She felt that she was living her life just short of reality. The daily cycle of work, kids, house and all that, soaked up the days of her life. Was this all she was created for? Was there something else for which her existence could be justified. Without Ahmed to divert her attention, she had time to face the realities within herself. She’d always believed in God but shunned organized religion as something man-made and not in tune with human nature. She wouldn’t mind being a Muslim, it made sense to her but she wanted to be sure she was doing so for Allah s.w.t., not for Ahmed. During the time that Ahmed was away, Aminah found herself at the library reading more and more about Islam. She discovered a little Islamic bookshop and bought a number of books.
“Pray for guidance and you’ll be guided,” she kept reading over and over again. “Allah is closer to you than your jugular vein,” she read. She didn’t know how to perform the prayers, so she just raised her hands as she’d seen Ahmed do and started to pray.
“I know You are there,” she prayed. “I know You created me and all there is but everything seems in a mess, the world is upside down and I don’t know what You want from me. Is there really only one way to You?”
She kept reading. Gradually, through her reading, the pieces all came together.
She read in Qu’ran, “And Indeed We have honored the children of Adam, and We have carried them on land and sea, and have provided them with lawful good things, and have preferred them above many of those whom We have created with a marked preference.” (17:70)“
So mankind is not just an animal,” she thought after reading this. “There is a special purpose in life.”
“Indeed he succeeds who purifies his ownself, (i.e. obeys and performs all that Allah ordered, by following Islam and by doing righteous good deeds). And indeed he fails who corrupts his ownself (i.e. disobeys what Allah has ordered by rejecting Islam and following polytheism and doing every kind of evil wicked deed”. (91:9-10)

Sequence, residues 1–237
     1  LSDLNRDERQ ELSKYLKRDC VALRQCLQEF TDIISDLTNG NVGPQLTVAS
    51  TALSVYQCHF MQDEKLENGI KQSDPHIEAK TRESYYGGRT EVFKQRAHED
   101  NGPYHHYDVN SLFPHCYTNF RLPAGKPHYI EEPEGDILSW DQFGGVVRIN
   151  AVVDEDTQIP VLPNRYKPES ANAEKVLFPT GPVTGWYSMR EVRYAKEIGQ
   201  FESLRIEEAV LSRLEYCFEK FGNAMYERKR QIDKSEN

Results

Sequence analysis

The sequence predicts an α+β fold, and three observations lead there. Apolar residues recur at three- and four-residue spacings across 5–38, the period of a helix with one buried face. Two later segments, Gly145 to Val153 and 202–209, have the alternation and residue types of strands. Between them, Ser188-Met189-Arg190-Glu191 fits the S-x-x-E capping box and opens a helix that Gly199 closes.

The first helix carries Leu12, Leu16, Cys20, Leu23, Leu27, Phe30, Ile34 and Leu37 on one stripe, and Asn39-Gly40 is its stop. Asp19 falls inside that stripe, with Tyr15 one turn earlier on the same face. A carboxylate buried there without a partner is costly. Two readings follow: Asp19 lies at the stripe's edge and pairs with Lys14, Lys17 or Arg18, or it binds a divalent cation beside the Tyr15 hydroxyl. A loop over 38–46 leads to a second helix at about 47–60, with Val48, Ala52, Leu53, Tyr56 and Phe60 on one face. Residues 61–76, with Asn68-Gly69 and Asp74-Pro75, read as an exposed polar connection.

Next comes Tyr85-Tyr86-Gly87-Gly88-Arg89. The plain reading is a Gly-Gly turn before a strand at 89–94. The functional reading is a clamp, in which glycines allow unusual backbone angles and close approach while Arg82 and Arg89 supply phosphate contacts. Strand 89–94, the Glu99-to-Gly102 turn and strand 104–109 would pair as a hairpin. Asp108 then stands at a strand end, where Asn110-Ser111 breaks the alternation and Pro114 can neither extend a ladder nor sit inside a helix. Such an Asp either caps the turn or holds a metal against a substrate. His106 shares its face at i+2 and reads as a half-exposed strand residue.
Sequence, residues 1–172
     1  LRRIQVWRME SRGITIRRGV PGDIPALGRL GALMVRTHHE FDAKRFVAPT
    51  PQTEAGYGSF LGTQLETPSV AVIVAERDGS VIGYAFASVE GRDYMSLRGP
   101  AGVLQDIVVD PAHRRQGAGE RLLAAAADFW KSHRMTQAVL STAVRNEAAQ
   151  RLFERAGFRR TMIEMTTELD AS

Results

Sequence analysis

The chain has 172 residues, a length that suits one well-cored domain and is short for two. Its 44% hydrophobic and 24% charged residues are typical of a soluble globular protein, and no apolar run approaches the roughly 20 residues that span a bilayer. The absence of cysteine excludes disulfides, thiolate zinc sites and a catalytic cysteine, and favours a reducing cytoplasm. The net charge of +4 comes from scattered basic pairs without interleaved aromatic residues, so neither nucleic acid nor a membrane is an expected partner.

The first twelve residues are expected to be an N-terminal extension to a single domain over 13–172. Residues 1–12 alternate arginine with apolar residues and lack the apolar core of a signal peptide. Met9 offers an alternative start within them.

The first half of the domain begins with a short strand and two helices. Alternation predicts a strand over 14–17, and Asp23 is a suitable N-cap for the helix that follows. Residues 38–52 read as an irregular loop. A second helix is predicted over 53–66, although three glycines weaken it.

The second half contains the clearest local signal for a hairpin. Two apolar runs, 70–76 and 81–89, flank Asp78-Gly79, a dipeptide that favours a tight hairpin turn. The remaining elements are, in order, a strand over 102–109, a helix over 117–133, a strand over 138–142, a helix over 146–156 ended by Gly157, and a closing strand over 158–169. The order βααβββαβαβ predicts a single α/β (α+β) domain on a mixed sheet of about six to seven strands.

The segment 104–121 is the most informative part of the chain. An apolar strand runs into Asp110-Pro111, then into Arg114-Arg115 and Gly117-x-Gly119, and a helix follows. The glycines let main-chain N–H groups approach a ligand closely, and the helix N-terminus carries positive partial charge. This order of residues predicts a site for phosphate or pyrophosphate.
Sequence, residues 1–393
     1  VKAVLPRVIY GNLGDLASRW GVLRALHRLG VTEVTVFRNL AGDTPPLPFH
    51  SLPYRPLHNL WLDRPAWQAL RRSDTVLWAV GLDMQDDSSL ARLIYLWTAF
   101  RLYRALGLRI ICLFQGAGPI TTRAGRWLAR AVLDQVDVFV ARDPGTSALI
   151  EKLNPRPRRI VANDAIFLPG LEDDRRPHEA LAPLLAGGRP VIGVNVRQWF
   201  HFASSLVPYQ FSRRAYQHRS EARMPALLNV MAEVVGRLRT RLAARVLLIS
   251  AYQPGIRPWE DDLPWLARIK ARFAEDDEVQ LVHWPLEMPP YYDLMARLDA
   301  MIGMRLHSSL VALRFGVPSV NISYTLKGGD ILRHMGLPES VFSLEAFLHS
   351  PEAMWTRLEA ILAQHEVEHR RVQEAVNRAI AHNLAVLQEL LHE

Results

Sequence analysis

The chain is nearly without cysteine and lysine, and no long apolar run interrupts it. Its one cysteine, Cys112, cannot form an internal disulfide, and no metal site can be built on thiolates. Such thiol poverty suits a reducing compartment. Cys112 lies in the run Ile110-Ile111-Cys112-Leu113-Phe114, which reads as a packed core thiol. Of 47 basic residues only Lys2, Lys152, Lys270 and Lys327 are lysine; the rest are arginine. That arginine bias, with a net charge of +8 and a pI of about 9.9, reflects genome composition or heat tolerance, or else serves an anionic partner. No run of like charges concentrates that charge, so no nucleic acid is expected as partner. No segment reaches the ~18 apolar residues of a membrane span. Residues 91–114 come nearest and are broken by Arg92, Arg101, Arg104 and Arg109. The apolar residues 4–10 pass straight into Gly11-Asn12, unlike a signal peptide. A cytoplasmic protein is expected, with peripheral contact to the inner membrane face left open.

“This means that human beings do have a nature with which they are born,” she pondered. “When we satisfy this nature by finding Allah and following His Way, then we’re at peace but when we go far from Allah and disobey Him, the hearts find no rest.”
By the time Ahmed returned, she had become a Muslim. The first time they prayed together as a family, standing, bowing and prostrating in prayer was one of the most tranquil times of her life. A union of spirit, a group of people who lived together and worshipped together, each striving to gain the pleasure of their Creator, Who wanted nothing more from them than to worship Him. Their home began to change too. There was no real need anymore to watch television. Sometimes they’d switch it on to watch the news or some interesting program but generally they were too busy. Their house became a house of learning, a place of love and happiness. Aminah had never been so happy in all her life. A feeling of contentment and peace. She no longer lived just to enjoy herself but had a purpose; a goal. Knowledge to gain and then practice that knowledge. Everyday was spent trying to put her whole life in alignment with Islam, and the more she succeeded in doing this, the happier she felt. She started to feel sorry for people who chased after money, position and wealth. Her life was full, yet simple and she was content.
“When are we going on holiday Dad,” asked Saleem.
“Next week Inshaa Allah.”
“Where are we going?” asked seven year old Sameer.
“We’re going to Canada. We’re going camping Inshaa Allah,” announced Ahmed. The boys faces glowed with happiness. The next week passed very quickly as the family prepared for their trip. It would be the first holiday they’d had since the twins were born.
Aminah was learning how to dress Islamically but managed to find long shirts and loose pants that were suitable to go hiking in. She tucked her long hair up into a little bun at the back and tied a long cotton scarf around her head.The trip to Canada was a monument of beauty. Far away from the bustling, noisy city, they felt great peace as they canoed down rivers, hiked through forests and slept under the open sky.
“Why is it so peaceful here?” asked Saleem.
“All of nature praises Allah in its own way son. Even the tiniest insects, the trees, the sun, everything. There is always harmony in nature because it never disobeys Allah. So when we’re close to nature, we tap into that harmony and feel peaceful too.”
Aminah sat and listened to her husband explain this simple Islamic concept to her son and the words echoed in her mind. She realized more and more that this newfound peace she was enjoying was the direct result of her striving to obey her Maker.
“I never feel like this in the city Dad,” added Sameer.
“Me too,” said Aminah. “I don’t remember being as happy as this Mashaa Allah,” she said as she tucked the boys into bed.
The following day was to change their lives forever.The next afternoon Ahmed insisted on having an afternoon rest, so Aminah took the boys climbing on a nearby part of the canyon. At thirty five she didn’t feel so old but climbing that hill, made her feel muscles she didn’t know she had.